March 1, 2017

4 Ways VR Will Change Big Data

Paul Sciglar

(Michal Bednarek/Shutterstock)

We are living in an age of big data. In this era of ever-increasing information, we’re collecting data at an astonishing rate, but not necessarily understanding it. At present, big data is an unwieldy beast — one that is often unorganized and uncommonly complicated to digest. Traditional bar graphs and pie charts on 2D screens simply aren’t cutting it. They aren’t allowing us to effectively process large data sets. In fact, according to Forbes, our eyes are limited to processing a mere 100 bytes of information a second on a traditional computer screen. We need new technologies to solve big data’s manifold challenges, and thankfully, virtual reality may be addressing them.

Virtual reality, or VR, has been around, in some form, since the 1990s. It is only recently, however, that commercial and industrial ventures in VR have become viable. In recent years, virtual reality technologies have proliferated at an incredible rate with over one million people using the Samsung VR headset last year. VR has already seeped into video gaming, film and even social media. Its ability to propel users into 3D worlds is not only exciting, it’s proving to be extremely useful. Visualization is crucial to understanding data, and VR provides users with the ability to immerse themselves in data in a more natural and intuitive way. As you can imagine, with this revolution in big data visualization come some pretty big changes.

Here are the four ways VR will change big data:

Big Data Will Be Immersive

Visualizing large sets of data on 2D screens is a near impossible task. VR offers an alternative to the traditional viewing of data, however. What if you could stand in the center of massive data, step towards one data point, then fly towards an outlier? With VR you’re able to — quite literally — step into your data. Data models surround you. You can peak around spirals of floating data or view data points at different angles.

(ArtFamily/Shutterstock)

Large companies with considerable means have already used VR’s immersive capabilities to solve complex problems. A few years ago, Goodyear, with the help of Dr. Creve Maples, one of VR’s earliest advocates, utilized virtual reality to answer the question of why their tires were underperforming in races. Dr. Maples and his team created a virtual environment in which Goodyear’s vehicles and tires were replicated. They exaggerated changes in their tires, such as tire pressure changes, in real time. This immersion resulted in important data being much easier to recognize, and Goodyear quickly found out what was making their tires so deficient.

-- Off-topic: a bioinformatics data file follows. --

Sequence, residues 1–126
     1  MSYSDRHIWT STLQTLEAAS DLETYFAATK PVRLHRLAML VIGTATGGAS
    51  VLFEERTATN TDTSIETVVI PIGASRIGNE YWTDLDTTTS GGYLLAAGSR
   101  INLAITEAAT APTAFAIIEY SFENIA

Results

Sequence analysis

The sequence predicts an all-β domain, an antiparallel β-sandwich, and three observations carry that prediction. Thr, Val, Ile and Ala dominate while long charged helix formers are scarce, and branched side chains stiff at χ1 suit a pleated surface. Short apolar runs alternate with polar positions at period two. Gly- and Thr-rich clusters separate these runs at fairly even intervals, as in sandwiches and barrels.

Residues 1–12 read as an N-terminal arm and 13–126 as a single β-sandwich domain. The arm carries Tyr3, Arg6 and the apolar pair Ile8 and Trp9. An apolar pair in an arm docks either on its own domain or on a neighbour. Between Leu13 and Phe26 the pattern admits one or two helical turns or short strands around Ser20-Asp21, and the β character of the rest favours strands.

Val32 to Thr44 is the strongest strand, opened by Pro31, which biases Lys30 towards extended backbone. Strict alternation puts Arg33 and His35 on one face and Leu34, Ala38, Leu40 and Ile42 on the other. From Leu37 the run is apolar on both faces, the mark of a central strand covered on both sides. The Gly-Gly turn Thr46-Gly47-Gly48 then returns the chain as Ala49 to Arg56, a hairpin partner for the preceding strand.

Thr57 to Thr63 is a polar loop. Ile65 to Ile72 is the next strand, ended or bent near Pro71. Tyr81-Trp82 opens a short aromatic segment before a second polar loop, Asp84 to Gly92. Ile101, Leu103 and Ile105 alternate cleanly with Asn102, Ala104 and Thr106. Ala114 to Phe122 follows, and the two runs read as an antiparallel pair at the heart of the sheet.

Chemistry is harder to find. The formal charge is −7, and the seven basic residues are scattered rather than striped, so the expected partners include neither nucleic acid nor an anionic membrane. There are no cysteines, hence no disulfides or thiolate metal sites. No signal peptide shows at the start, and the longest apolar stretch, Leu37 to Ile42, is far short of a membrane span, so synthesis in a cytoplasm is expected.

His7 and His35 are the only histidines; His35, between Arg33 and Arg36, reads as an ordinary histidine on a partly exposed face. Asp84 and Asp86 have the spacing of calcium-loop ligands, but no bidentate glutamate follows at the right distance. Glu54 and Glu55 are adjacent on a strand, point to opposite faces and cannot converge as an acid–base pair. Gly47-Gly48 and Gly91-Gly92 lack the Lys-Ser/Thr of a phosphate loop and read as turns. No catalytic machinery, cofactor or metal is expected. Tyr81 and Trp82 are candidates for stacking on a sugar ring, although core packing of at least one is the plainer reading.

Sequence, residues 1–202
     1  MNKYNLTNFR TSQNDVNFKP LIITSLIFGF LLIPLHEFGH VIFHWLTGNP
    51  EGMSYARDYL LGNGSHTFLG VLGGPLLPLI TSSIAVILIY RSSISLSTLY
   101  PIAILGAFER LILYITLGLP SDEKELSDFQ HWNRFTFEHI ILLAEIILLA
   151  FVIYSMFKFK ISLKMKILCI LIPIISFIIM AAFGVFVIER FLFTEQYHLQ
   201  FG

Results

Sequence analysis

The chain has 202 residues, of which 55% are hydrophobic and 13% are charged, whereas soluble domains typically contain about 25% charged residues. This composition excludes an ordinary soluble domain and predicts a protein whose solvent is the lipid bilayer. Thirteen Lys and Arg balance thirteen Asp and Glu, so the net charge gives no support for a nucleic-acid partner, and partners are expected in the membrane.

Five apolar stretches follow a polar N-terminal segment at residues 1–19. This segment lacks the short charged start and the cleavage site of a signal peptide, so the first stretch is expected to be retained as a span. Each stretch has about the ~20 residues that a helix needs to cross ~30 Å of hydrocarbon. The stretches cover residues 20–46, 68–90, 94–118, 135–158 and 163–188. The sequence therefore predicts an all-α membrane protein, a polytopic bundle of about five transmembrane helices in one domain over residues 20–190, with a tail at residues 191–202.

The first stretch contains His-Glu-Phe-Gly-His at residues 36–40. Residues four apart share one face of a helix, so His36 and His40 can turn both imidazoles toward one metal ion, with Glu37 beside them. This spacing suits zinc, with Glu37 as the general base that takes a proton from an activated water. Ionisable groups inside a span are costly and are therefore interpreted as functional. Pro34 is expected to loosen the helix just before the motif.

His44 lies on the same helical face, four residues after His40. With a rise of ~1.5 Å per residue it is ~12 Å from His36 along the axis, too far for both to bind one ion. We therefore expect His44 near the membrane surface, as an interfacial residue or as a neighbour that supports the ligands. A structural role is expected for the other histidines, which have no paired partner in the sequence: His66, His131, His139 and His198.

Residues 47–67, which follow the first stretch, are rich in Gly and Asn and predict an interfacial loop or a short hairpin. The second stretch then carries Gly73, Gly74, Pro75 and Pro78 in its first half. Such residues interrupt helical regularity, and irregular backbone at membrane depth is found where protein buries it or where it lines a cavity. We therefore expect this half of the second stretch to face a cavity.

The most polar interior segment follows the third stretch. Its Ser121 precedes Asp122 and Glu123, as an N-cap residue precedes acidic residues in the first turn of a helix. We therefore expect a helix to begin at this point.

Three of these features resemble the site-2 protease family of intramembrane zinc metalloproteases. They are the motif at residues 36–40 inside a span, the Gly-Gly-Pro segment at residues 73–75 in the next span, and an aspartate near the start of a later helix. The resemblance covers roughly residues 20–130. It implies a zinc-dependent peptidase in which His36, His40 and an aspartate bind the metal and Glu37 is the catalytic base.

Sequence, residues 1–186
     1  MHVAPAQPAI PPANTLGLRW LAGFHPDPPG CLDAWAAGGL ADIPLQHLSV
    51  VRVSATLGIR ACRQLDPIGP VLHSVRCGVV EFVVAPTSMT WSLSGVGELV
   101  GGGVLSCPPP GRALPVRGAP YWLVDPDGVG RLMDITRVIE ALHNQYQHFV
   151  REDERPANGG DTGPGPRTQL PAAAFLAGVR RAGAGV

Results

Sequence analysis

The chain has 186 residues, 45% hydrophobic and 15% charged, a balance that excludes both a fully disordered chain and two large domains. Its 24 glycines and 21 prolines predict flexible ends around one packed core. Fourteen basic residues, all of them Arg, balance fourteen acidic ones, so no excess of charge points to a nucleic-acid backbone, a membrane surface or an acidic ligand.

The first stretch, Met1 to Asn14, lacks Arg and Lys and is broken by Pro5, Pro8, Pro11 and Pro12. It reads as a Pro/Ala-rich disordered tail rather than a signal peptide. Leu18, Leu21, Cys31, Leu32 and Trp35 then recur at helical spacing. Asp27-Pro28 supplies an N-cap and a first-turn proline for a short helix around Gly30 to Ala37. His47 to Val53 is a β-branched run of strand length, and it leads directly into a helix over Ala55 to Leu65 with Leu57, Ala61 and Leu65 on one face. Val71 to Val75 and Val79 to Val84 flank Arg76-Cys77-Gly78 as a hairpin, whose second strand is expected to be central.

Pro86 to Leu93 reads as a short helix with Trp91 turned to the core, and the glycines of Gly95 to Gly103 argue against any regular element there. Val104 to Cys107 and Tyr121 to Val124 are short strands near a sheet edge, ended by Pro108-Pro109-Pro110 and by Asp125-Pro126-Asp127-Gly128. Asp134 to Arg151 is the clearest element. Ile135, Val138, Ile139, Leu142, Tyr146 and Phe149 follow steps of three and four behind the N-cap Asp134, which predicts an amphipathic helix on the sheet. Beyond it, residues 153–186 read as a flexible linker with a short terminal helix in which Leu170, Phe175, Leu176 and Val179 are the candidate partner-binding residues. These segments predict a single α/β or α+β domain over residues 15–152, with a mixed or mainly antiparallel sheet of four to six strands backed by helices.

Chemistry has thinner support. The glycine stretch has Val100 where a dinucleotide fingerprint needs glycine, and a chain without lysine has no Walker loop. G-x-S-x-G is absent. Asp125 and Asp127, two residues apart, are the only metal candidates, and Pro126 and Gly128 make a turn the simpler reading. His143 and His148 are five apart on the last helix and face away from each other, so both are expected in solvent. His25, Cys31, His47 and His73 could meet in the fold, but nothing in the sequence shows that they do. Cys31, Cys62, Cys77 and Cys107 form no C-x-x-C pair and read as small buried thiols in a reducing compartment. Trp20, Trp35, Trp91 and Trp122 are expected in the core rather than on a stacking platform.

Analysis Will Become Interactive

Interactivity is the key to understanding big data. Immersion doesn’t mean much without the ability to handle data dynamically. For decades we have been employing static data models to understand dynamic data, but VR has given us the ability to process data dynamically, too. With VR, you are be able to reach out and touch data. Big data will become a tactile experience, something that makes it easier to comprehend — and manipulate.

We’ll Learn More, More Quickly

When data is presented in a more natural and immersive way, it’s easier for humans to comprehend. It even increases the amount of data we’re able to process in a given moment, and increases discovery. According to GE, VR has the capability to organize information in a more “empathetic” way, in that 3D data is less likely to overload a user’s mind with incomprehensible facts and figures.

Cross Referencing Data Will Become Ultra-Efficient

Master of Pie showcased their VR technology, one employed by a massive longitudinal study, Children of the 1990s, last year with great success. In an extensive demo of their project, they highlight the user’s ability to alter their data instantly. With a few waves of VR wands, you’re capable of stacking relevant data, paring data down and creating visual cues like blinking dots to cross-reference instantly. According to one big data researcher who was able to test the technology, she was able to see four times as much information “at a glance.”

Big data is already a big part of our lives. VR could help reshape our relationship to it, and perhaps enhance our ability to analyze it. VR is making data as immersive and interactive as a first-person video game. What’s more, it’s increasing the amount of information we can ingest, and bettering our understanding of it, too. As the amount of information available to us expands, we must find more efficient ways of making sense of it, and VR might help us do just that.

About the author: Paul Sciglar is a finance and tech writer with great interest in VR/AR, artificial intelligence, and big data. For the past couple of years, he shifted his career’s focus from financial modeling and trading to research. You may occasionally find him looking at trends on Twitter.

 

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